God the Creator (Exploring the Nicene Creed)

As we saw in our last article there is Only One God; One Supreme Being who is the Creator – the source and life and power of all that we can see, touch, or feel; of all existence, animate and inanimate; of all life in endless variety and wonder; of a vast Universe with untold billions of galaxies, in which one of the smaller we are set. He is the Eternal God, the beginning and the end, described in the New Testament as “the Alpha & the Omega” (Revelation 1:8 & 22:13 ); the timeless One; yet also Our Father, with whom we have real personal bond, known by faith and sustained by Love; and with whom we are linked forever, in time and for eternity.

In this article we shall first think about the Creation itself, recognising that it has, along with its sheer greatness and grandness, a moral heart. In other words it is made for a purpose, with a good and wonderful plan, and a glorious final end. Creation, though beginning billions of years ago with what scientists call the big bang, is not a pure chance happening. It does not move in totally random, unsure direction with no certain goal. It is, as we know from the innate consistent dependable physical laws that govern it, the result of very definite design and meaning. It is the work, we believe, of a great Creator’s mind; the activity of God himself; who is forever intimately concerned with and caring of its entire life.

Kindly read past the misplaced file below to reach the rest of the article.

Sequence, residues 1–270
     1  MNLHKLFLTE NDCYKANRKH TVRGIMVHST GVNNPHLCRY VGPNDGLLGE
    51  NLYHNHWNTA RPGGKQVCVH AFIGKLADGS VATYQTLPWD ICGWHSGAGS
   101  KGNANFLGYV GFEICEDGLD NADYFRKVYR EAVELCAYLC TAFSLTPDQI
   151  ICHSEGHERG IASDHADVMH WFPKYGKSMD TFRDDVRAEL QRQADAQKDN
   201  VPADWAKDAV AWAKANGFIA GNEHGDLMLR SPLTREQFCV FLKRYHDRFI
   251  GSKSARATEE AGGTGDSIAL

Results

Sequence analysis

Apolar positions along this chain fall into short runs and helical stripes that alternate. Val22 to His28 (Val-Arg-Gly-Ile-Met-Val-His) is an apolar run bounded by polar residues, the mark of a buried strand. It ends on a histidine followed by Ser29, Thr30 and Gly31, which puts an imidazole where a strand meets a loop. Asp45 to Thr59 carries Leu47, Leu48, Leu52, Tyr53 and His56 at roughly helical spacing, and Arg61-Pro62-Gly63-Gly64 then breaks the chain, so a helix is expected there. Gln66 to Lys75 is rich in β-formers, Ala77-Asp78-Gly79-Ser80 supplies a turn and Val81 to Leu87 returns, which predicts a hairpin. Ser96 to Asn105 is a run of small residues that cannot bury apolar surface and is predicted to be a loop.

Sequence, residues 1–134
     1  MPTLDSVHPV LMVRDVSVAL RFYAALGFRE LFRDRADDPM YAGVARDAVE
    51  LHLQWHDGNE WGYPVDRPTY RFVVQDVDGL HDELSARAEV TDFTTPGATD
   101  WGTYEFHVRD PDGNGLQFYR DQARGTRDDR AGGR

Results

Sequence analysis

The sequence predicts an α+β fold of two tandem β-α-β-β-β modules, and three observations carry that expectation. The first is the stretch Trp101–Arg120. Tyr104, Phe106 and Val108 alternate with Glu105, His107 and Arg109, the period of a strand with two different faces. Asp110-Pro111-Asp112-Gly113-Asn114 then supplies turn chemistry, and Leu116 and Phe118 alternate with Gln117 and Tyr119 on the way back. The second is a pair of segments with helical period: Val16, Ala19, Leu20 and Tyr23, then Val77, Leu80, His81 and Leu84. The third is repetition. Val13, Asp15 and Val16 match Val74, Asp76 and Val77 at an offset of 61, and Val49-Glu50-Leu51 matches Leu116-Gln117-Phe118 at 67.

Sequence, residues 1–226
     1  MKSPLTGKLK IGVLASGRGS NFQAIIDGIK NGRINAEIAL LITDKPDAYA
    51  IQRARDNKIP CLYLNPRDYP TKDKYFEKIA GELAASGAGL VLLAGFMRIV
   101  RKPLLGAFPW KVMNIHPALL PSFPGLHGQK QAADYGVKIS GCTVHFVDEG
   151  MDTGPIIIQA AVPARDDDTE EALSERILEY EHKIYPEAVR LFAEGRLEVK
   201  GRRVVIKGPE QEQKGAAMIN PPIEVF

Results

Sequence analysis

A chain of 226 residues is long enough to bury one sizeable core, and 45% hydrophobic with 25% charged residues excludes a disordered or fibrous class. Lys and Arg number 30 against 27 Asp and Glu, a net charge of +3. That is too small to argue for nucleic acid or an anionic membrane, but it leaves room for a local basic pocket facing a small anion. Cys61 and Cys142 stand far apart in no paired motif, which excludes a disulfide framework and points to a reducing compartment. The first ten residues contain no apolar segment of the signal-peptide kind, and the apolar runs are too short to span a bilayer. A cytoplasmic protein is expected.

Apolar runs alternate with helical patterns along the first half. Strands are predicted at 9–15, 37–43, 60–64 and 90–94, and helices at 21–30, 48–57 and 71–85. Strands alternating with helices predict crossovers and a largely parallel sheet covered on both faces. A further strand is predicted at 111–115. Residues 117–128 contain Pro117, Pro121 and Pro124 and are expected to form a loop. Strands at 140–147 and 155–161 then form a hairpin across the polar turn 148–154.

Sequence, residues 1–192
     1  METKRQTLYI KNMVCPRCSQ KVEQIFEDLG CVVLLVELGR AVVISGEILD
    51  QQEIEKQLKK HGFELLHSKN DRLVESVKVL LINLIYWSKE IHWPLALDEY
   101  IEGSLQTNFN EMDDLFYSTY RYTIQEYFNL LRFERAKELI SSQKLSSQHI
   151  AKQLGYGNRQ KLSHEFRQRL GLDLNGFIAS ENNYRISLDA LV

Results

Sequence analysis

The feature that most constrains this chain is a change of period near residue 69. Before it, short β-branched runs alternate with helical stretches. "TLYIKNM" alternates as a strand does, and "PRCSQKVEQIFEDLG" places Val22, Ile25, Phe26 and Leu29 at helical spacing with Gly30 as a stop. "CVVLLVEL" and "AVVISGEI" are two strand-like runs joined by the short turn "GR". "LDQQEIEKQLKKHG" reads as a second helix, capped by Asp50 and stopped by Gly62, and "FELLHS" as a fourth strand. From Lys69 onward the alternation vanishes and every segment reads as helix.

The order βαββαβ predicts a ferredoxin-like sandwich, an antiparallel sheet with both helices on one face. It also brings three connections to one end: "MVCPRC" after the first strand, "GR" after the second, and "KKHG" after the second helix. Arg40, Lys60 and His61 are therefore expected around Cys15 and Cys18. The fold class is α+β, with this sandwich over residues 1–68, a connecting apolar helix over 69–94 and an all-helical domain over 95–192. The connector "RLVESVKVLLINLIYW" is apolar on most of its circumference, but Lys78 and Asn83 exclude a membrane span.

Within that plan of course is what we call Evolution. In modern understanding that process of evolution, taking place over many billions of years, far from denying Divine design and creativity, actually demonstrates the amazing genius, the great inventive mind, and unlimited power of God. As we come to faith in God, without which we can make only partial sense of creation and existence, we see that it is Divine Love that has both made all, and sustains all. That is shown all through the Old Testament, and supremely in the New, where in Christ Jesus, the incarnate Son of God, we see that Love at its fullest and most wonderful (John 3:16).